Singapore. NUS Press. 2010. Stock ID #134065
Map, colour and black and white photographic illustrations, xxi + 345 pages, index, bibliography, notes, paperback. The course of economic change in twentieth century Cambodia was marked by a series of deliberate "conscious human efforts" that were typically extreme and ideologically driven. While colonization, protracted war and violent revolution are commonly blamed for Cambodia's failure to modernize its economy in the twentieth century, Margaret Slocomb's Economic History of Cambodia in the Twentieth Century questions whether these circumstances changed the underlying structures and relations of production. She also asks whether economic factors in some way instigated war and revolution. In exploring these issues, the book tracks the erratic path taken by Cambodia's political elite and earlier colonial rulers to develop a national economy. The book closes around 2005, by which time Cambodia had be reintegrated into both the regional and into the global economy as a fully-fledged member of the World Trade Organization.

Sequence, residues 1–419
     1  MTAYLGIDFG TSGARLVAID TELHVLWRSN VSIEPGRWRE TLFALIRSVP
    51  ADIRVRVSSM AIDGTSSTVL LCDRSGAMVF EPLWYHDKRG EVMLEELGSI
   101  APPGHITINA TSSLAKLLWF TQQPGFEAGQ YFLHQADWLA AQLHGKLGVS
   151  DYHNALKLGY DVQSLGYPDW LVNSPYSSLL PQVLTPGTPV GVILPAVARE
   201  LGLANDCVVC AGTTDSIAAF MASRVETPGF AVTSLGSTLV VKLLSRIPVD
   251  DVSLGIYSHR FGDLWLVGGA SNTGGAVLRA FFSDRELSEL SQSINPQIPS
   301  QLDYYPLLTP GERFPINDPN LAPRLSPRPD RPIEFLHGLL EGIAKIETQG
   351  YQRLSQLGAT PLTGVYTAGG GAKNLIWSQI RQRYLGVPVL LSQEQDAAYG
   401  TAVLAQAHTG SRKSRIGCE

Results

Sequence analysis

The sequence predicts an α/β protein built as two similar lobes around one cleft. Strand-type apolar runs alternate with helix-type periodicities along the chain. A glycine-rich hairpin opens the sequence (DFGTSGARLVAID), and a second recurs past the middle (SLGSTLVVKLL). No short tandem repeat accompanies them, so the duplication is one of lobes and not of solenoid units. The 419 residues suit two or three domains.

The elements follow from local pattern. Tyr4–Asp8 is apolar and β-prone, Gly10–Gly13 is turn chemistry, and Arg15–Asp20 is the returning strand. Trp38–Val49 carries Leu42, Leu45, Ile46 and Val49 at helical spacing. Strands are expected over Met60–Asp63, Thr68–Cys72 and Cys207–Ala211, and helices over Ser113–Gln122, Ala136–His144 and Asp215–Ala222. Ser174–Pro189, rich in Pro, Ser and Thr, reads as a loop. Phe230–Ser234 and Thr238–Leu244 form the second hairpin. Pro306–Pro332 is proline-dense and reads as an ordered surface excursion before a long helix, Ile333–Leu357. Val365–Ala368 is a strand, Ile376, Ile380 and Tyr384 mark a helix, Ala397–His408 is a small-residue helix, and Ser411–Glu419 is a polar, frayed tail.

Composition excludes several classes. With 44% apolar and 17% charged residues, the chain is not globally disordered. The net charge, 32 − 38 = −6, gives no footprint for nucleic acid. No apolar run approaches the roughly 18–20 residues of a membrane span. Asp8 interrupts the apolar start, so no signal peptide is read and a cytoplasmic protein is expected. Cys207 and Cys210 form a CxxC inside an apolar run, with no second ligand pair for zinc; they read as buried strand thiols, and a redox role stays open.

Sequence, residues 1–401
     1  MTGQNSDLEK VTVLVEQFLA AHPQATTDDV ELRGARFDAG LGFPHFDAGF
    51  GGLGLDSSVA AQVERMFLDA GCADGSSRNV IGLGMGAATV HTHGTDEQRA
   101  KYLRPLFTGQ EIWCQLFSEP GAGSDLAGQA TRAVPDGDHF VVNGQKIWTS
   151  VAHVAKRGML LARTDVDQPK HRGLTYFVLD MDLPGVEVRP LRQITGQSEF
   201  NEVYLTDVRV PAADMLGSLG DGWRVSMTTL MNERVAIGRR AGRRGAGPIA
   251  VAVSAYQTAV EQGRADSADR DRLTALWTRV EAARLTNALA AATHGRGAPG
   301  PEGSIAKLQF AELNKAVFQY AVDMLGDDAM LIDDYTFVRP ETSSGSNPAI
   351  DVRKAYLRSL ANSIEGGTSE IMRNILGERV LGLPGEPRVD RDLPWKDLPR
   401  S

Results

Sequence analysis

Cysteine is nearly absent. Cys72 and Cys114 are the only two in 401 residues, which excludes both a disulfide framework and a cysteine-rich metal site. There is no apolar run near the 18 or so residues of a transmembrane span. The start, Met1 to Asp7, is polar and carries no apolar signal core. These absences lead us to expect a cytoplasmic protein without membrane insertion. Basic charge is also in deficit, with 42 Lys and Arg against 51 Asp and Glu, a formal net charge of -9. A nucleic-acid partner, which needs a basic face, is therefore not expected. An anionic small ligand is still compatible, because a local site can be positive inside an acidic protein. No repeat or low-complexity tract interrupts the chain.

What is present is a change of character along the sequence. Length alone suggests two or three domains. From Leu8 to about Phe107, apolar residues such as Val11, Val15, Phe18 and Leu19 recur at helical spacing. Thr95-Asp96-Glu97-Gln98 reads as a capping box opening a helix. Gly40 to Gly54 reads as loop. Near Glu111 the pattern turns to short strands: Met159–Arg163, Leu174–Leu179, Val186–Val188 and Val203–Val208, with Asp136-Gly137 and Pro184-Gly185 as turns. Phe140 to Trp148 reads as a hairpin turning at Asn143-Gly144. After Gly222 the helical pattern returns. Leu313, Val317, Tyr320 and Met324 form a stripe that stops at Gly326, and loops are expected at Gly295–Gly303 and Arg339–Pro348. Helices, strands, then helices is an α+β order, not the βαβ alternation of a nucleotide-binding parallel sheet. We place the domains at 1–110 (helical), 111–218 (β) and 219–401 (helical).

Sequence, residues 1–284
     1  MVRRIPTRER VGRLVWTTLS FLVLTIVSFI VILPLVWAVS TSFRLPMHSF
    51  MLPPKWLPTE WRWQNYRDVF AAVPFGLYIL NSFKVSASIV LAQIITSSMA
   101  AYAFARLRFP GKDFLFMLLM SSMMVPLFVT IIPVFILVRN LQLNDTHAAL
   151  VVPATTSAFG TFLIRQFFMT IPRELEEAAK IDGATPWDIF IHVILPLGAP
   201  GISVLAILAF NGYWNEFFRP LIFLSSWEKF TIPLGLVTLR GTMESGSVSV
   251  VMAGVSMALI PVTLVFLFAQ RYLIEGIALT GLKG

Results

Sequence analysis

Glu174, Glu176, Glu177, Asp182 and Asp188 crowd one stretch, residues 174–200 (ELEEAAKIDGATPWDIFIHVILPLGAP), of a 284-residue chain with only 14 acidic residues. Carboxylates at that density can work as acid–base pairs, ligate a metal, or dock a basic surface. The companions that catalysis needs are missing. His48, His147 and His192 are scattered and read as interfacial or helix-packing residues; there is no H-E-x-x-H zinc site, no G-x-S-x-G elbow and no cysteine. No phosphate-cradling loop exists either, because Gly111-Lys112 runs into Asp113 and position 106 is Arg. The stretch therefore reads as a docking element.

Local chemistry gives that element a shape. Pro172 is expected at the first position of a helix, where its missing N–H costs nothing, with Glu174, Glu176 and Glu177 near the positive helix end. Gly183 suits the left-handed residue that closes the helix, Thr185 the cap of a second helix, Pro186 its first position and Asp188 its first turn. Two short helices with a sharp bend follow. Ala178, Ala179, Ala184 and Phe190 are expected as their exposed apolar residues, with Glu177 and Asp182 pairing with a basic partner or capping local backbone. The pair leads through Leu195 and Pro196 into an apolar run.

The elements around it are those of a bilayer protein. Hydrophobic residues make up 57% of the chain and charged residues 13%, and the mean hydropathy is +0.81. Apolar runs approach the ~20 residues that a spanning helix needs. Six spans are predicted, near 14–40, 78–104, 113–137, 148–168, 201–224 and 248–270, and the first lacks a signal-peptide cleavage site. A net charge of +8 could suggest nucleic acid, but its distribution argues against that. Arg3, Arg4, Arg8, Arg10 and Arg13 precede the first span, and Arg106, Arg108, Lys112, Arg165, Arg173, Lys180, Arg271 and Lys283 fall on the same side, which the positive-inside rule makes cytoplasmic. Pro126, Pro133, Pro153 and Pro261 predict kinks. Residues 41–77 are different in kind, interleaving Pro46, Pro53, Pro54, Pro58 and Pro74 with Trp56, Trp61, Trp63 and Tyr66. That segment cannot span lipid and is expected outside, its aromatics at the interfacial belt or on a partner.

To document Cambodia's path towards a modern economy, the author draws on resources from the State Archives of Cambodia not previously referenced in scholarly texts. The book provides information that is academically important but is also relevant to investors, aid workers and development specialists seeking to understand the shift from a traditional to a modern market economy. (When referring to this item please quote stockid 134065).
Price: $42.95 AU